Next up is "Unthought Known," and he screams at the end of the first verse and hits an octave only he can when he screams, “Let the sky blanket you- with gems and rhinestones!” The song lifts a crowd when Pearl Jam plays it live, and it’s amazing how he tones it down and transitions the energy into an acoustic dream. A string quartet then joins him on stage and he surprises everyone by playing "Lukin," a short, angry Pearl Jam cut and as his temporary counterparts struggle to keep up Eddie beats his guitar to hell. He then pulls a complete 180 and plays "Just Breathe," a slow and well-versed instant classic off of Backspacer, Pearl Jam’s last album.
After a brief break Eddie emerges for his encore and treats the crowd to "Elderly Woman". The place erupts first into cheers, then into a sing along as everyone embraces one of the classics that has defined Pearl Jam for nearly two decades. Glen Hansard joins him on stage and Eddie puts down the guitar as they work together on "Falling Slowly," one of Hansard’s best that helped to put him on the map. Eddie then rocks out solo and gives the crowd what they want. His voice booms and his guitar synchs as he plays "Porch," a crowd favorite and one of the best Pearl Jam songs of all time.
As Eddie leaves the stage once again, anyone who has seen Pearl Jam knows the show isn’t over. He emerges, this time amidst a sea of fog and a new backdrop and plays "Hard Sun" with Hansard. The lights on the venue turn on in a cheesy attempt to replicate sunlight, but Eddie more than makes up for it in his last choice of the night. He mentions there might be a special guest in the building, and Mike McCreedy enters from the side stage. Pearl Jam’s lead guitar player joins him and they embrace as band members and brothers. If there is one way to close a show, it’s with "Yellow Ledbetter". They do not disappoint.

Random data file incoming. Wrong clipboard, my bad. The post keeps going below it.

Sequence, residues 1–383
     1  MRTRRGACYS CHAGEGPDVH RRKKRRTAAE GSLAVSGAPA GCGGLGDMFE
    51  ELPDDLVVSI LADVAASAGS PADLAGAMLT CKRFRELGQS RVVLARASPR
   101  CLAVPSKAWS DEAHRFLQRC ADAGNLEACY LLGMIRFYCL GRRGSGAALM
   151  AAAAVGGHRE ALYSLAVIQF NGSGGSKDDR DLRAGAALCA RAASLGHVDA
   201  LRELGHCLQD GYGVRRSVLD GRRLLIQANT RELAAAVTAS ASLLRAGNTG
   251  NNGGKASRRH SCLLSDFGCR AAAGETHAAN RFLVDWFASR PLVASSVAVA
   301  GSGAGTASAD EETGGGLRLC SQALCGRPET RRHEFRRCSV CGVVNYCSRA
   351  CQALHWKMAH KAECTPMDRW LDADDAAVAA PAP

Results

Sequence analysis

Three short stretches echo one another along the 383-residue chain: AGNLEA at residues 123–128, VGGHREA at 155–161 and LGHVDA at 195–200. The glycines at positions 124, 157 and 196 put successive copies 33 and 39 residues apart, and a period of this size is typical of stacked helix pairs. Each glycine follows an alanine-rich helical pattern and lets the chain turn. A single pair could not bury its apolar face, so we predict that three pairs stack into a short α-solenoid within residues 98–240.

Not a single person left unsatisfied, but Pearl Jam brats could argue that sets from previous nights were better. "Off He Goes," an obvious choice for an acoustic set is left out but hey- Eddie does what he wants. His catalog at this point is lengthy to say the least, and he picks and chooses what suits the moment. He plays for well over two hours and represents everything that is true about music. He’s someone who appreciates his fans and plays to them, and the music world would be a different place without him. His voice will never falter, and his songs will always inspire. And as I depart and hit the 405 freeway back to Santa Monica, a bit of sadness washes over me knowing that I won’t see him again until their "PJ20" twentieth anniversary show in Alpine Valley, Wisconsin over Labor Day Weekend. It’s only a couple months away, but it’ll seem like years. That’s what Eddie does to you- he always leaves you wanting more.
Review by Rory Maloney